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dc.contributor.authorTang, Jianboen_US
dc.contributor.authorErdener, Sefik Evrenen_US
dc.contributor.authorSunil, Smrithien_US
dc.contributor.authorBoas, David A.en_US
dc.coverage.spatialUnited Statesen_US
dc.date2019-02-06
dc.date.accessioned2019-09-10T15:17:07Z
dc.date.available2019-09-10T15:17:07Z
dc.date.issued2019-03
dc.identifierhttps://www.ncbi.nlm.nih.gov/pubmed/30868803
dc.identifier.citationJianbo Tang, Sefik Evren Erdener, Smrithi Sunil, and David A. Boas "Normalized field autocorrelation function-based optical coherence tomography three-dimensional angiography," Journal of Biomedical Optics 24(3), 036005 (13 March 2019). https://doi.org/10.1117/1.JBO.24.3.036005
dc.identifier.issn1560-2281
dc.identifier.urihttps://hdl.handle.net/2144/37759
dc.description.abstractOptical coherence tomography angiography (OCTA) has been widely used for en face visualization of the microvasculature, but is challenged for real three-dimensional (3-D) topologic imaging due to the "tail" artifacts that appear below large vessels. Further, OCTA is generally incapable of differentiating descending arterioles from ascending venules. We introduce a normalized field autocorrelation function-based OCTA (g1-OCTA), which minimizes the tail artifacts and is capable of distinguishing penetrating arterioles from venules in the 3-D image. g1   (  τ  )   is calculated from repeated optical coherence tomography (OCT) acquisitions for each spatial location. The decay amplitude of g1   (  τ  )   is retrieved to represent the dynamics for each voxel. To account for the small g1   (  τ  )   decay in capillaries where red blood cells are flowing slowly and discontinuously, Intralipid is injected to enhance the OCT signal. We demonstrate that the proposed technique realizes 3-D OCTA with negligible tail projections and the penetrating arteries are readily identified. In addition, compared to regular OCTA, the proposed g1-OCTA largely increased the depth-of-field. This technique provides a more accurate rendering of the vascular 3-D anatomy and has the potential for more quantitative characterization of vascular networks.en_US
dc.description.sponsorshipP01 NS055104 - NINDS NIH HHS; R01 EB021018 - NIBIB NIH HHS; R01 NS108472 - NINDS NIH HHSen_US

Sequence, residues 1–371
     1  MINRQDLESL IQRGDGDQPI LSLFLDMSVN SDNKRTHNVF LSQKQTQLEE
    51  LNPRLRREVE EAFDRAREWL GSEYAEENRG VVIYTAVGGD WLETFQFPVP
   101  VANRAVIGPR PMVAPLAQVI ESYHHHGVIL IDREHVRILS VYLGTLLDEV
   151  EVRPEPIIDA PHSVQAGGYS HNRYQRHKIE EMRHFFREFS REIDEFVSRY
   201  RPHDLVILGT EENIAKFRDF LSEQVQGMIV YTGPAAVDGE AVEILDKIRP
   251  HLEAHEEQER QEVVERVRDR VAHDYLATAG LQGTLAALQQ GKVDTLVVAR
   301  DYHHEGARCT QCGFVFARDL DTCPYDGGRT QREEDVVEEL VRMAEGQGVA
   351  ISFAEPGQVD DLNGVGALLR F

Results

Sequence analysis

dc.description.urihttps://www.ncbi.nlm.nih.gov/pmc/articles/PMC6414735/
dc.format.extent1 - 8en_US
dc.languageeng
dc.relation.ispartofJ Biomed Opt
dc.rights© The Authors. Published by SPIE under a Creative Commons Attribution 4.0 Unported License. Distribution or reproduction of this work in whole or in part requires full attribution of the original publication, including its DOI: 10.1117/1.JBO.24.3.036005.en_US
dc.rights.urihttp://creativecommons.org/licenses/by/4.0/
dc.subjectNormalized autocorrelation functionen_US
dc.subjectOptical coherence tomography angiographyen_US
dc.subjectThree-dimensional vascular imagingen_US
dc.subjectVessel tail artifactsen_US
dc.subjectOptical physicsen_US
dc.subjectOpthalmology and optometryen_US
dc.subjectBiomedical engineeringen_US
dc.subjectOpticsen_US
dc.titleNormalized field autocorrelation function-based optical coherence tomography three-dimensional angiographyen_US
dc.typeArticleen_US
dc.identifier.doi10.1117/1.JBO.24.3.036005
pubs.elements-sourcepubmeden_US
pubs.organisational-groupBoston Universityen_US
pubs.organisational-groupBoston University, College of Engineeringen_US
pubs.organisational-groupBoston University, College of Engineering, Department of Biomedical Engineeringen_US
pubs.publication-statusPublisheden_US
dc.identifier.orcid0000-0002-6709-7711 (Boas, David A)
dc.description.oaversionPublished version
dc.identifier.mycv453683


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© The Authors. Published by SPIE under a Creative Commons Attribution 4.0 Unported License. Distribution or reproduction of this work in whole or in part requires full attribution of the original publication, including its DOI: 10.1117/1.JBO.24.3.036005.
Except where otherwise noted, this item's license is described as © The Authors. Published by SPIE under a Creative Commons Attribution 4.0 Unported License. Distribution or reproduction of this work in whole or in part requires full attribution of the original publication, including its DOI: 10.1117/1.JBO.24.3.036005.